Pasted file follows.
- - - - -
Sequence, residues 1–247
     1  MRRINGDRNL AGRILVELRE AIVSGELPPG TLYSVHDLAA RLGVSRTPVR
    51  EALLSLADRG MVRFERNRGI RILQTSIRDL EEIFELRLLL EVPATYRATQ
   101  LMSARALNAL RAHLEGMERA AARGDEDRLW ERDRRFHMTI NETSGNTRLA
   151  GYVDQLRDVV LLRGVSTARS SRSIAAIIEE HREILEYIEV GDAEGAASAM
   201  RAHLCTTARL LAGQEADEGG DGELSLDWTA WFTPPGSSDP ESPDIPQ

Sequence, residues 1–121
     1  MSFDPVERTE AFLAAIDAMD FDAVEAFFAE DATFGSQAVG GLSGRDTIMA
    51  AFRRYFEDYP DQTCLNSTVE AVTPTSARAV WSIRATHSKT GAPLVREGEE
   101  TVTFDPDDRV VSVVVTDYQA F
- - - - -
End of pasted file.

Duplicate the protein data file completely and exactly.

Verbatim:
Sequence, residues 1–247
     1  MRRINGDRNL AGRILVELRE AIVSGELPPG TLYSVHDLAA RLGVSRTPVR
    51  EALLSLADRG MVRFERNRGI RILQTSIRDL EEIFELRLLL EVPATYRATQ
   101  LMSARALNAL RAHLEGMERA AARGDEDRLW ERDRRFHMTI NETSGNTRLA
   151  GYVDQLRDVV LLRGVSTARS SRSIAAIIEE HREILEYIEV GDAEGAASAM
   201  RAHLCTTARL LAGQEADEGG DGELSLDWTA WFTPPGSSDP ESPDIPQ

Sequence, residues 1–121
     1  MSFDPVERTE AFLAAIDAMD FDAVEAFFAE DATFGSQAVG GLSGRDTIMA
    51  AFRRYFEDYP DQTCLNSTVE AVTPTSARAV WSIRATHSKT GAPLVREGEE
   101  TVTFDPDDRV VSVVVTDYQA F